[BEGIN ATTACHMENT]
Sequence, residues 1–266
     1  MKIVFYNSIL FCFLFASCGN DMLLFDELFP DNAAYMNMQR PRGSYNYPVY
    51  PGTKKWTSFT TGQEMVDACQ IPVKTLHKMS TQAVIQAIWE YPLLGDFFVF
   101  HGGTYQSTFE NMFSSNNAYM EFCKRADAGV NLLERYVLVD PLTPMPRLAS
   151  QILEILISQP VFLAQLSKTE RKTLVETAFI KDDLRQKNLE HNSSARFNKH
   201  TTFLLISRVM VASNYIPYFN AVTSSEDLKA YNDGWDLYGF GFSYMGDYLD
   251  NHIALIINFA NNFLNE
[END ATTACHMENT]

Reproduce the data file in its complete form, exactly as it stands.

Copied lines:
Sequence, residues 1–266
     1  MKIVFYNSIL FCFLFASCGN DMLLFDELFP DNAAYMNMQR PRGSYNYPVY
    51  PGTKKWTSFT TGQEMVDACQ IPVKTLHKMS TQAVIQAIWE YPLLGDFFVF
   101  HGGTYQSTFE NMFSSNNAYM EFCKRADAGV NLLERYVLVD PLTPMPRLAS
   151  QILEILISQP VFLAQLSKTE RKTLVETAFI KDDLRQKNLE HNSSARFNKH
   201  TTFLLISRVM VASNYIPYFN AVTSSEDLKA YNDGWDLYGF GFSYMGDYLD
   251  NHIALIINFA NNFLNE